Eos | Greek Goddess

Eos Greek Mythology

Eos (Greek: Ἠώς - Êôs, dawn), in Greek mythology, is the goddess who personified the dawn. Daughter of Hyperion and Theia, she is the sister of the goddess Selene, the Moon, and Helios, the Sun.


Usually depicted as having long blond hair and pink dyed nails with a purple chariot pulled by two winged horses, Lampo and Phaethon, with multicolored harnesses. Agile and graceful, she is fitted with wings on her shoulders and feet.

This characterization expresses her character as a capricious and carefree young woman, who lives intense and ephemeral loves.


Eos has, as her main function, to open the gates of heaven for the chariot of Helios, the personification of the Sun, thus being the goddess of dawn (When Helios' chariot is leaving, and the Sun is rising) and sunset (When Helios' chariot is returning, and the Sun is setting).

Also responsible for the brightness of the Sun and the hues of the sky, Eos is the goddess who awakens people and creatures from deepest dreams and pours dew on leaves, and is best known for being the goddess especially of the dawn.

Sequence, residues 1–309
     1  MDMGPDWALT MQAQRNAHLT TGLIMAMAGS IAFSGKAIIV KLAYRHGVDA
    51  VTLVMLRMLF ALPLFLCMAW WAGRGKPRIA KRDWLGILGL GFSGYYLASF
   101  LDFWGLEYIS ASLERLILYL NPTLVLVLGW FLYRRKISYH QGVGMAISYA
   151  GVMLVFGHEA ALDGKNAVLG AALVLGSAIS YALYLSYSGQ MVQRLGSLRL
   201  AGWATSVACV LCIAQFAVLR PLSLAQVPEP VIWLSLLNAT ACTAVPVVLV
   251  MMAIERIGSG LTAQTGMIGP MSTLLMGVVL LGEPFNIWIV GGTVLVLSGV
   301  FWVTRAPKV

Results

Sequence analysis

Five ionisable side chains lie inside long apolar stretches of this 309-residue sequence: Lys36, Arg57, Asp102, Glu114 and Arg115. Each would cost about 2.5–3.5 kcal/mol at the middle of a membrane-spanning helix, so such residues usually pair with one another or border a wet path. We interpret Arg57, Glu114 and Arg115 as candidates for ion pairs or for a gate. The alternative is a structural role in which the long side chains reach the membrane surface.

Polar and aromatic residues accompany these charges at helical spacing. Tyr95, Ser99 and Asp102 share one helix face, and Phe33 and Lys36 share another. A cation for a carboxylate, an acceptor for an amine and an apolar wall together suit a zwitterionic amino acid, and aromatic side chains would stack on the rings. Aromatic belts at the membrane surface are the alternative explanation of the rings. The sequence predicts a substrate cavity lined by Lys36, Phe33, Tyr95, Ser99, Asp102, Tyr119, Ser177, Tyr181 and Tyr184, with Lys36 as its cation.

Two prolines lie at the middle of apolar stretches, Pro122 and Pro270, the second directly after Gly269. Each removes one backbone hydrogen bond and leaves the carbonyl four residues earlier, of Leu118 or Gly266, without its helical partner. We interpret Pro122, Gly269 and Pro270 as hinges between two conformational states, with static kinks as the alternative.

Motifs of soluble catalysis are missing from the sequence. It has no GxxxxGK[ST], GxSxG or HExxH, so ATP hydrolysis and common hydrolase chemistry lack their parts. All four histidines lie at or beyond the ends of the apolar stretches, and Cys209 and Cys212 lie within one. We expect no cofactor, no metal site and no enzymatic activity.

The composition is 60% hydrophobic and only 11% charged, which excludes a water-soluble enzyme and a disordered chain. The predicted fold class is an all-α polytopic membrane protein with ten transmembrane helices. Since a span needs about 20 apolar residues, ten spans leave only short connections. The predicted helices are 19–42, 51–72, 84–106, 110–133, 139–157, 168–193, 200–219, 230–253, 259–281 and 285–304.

Loves and children

Eos' passions are numerous, the best known being with Titono, Priam's older brother. When she fell in love with him, she was afraid of losing him and kidnapped him and took him to Ethiopia.

The goddess loved him so much that she asked to be granted immortality, but forgot about eternal youth, and in this way the goddess's beloved turned into a decrepit old man, without, however, ever dying. Eos then decided to ask Zeus to turn him into a cicada.

With Titono, he had two sons: Emotion and Memnon.

Cephalus, son of Hermes and Herse, was also a victim of Eos' relentless love.

He was already married to princess Procris, tender and loving and always faithful to her husband.

Insatiable as ever, Eos cares little for the suffering of Procris and kidnaps Cephalus while hunting in the vicinity of Mount Imeto.

But despite all the goddess' efforts, the young man remains in love with his wife. Despite many cunning schemes by the goddess, Cephalo andócris are reconciled.

Cephalus goes back to hunting, but his wife, fearing the rival goddess, follows him. Thinking it was an animal, he kills her and, seeing what he had done, throws himself into the sea. Moved, Zeus transforms them into stars.

One version of the myth of Ganymede, tells that he was kidnapped and taken to Mount Olympus not by Zeus, but by the goddess Eos, apparently this was the original version of the myth of Ganymede, it is mentioned by Apollonius of Rhodis, and other writers of ancient Greece.

Her passions are attributed to the fact that she had loves with Ares, something that made Aphrodite very jealous, causing her to cast a spell on Eos, so that she would fall in love only with mortal men, and have an insatiable sex drive.

Hesiod's version of the legend

According to Hesiod, Eos (the Day) kidnapped Cephalus, and their son is named Phaethon, guardian of Aphrodite's temple.